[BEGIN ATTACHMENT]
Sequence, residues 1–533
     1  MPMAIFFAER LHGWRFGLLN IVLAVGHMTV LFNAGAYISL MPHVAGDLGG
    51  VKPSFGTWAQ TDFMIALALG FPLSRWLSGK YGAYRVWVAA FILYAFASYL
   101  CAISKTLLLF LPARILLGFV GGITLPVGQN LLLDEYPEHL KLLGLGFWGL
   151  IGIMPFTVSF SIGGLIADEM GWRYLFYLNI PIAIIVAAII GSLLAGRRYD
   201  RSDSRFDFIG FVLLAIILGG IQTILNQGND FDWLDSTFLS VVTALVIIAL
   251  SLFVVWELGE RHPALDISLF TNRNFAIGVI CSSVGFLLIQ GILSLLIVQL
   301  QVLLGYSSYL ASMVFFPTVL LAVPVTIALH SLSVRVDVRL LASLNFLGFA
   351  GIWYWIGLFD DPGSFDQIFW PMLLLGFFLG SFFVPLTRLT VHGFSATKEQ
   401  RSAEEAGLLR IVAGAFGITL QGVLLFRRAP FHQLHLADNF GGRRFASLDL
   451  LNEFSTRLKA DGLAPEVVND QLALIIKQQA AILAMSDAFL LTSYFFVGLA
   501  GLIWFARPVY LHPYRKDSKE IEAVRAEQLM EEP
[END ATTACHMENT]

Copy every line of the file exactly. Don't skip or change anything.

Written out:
Sequence, residues 1–533
     1  MPMAIFFAER LHGWRFGLLN IVLAVGHMTV LFNAGAYISL MPHVAGDLGG
    51  VKPSFGTWAQ TDFMIALALG FPLSRWLSGK YGAYRVWVAA FILYAFASYL
   101  CAISKTLLLF LPARILLGFV GGITLPVGQN LLLDEYPEHL KLLGLGFWGL
   151  IGIMPFTVSF SIGGLIADEM GWRYLFYLNI PIAIIVAAII GSLLAGRRYD
   201  RSDSRFDFIG FVLLAIILGG IQTILNQGND FDWLDSTFLS VVTALVIIAL
   251  SLFVVWELGE RHPALDISLF TNRNFAIGVI CSSVGFLLIQ GILSLLIVQL
   301  QVLLGYSSYL ASMVFFPTVL LAVPVTIALH SLSVRVDVRL LASLNFLGFA
   351  GIWYWIGLFD DPGSFDQIFW PMLLLGFFLG SFFVPLTRLT VHGFSATKEQ
   401  RSAEEAGLLR IVAGAFGITL QGVLLFRRAP FHQLHLADNF GGRRFASLDL
   451  LNEFSTRLKA DGLAPEVVND QLALIIKQQA AILAMSDAFL LTSYFFVGLA
   501  GLIWFARPVY LHPYRKDSKE IEAVRAEQLM EEP